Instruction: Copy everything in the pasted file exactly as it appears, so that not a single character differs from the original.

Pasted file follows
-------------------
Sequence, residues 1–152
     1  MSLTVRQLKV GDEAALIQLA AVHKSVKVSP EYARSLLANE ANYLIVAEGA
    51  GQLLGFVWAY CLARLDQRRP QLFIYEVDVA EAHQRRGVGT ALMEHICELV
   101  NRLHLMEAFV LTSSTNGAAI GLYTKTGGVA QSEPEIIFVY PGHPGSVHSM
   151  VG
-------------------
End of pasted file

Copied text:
Sequence, residues 1–152
     1  MSLTVRQLKV GDEAALIQLA AVHKSVKVSP EYARSLLANE ANYLIVAEGA
    51  GQLLGFVWAY CLARLDQRRP QLFIYEVDVA EAHQRRGVGT ALMEHICELV
   101  NRLHLMEAFV LTSSTNGAAI GLYTKTGGVA QSEPEIIFVY PGHPGSVHSM
   151  VG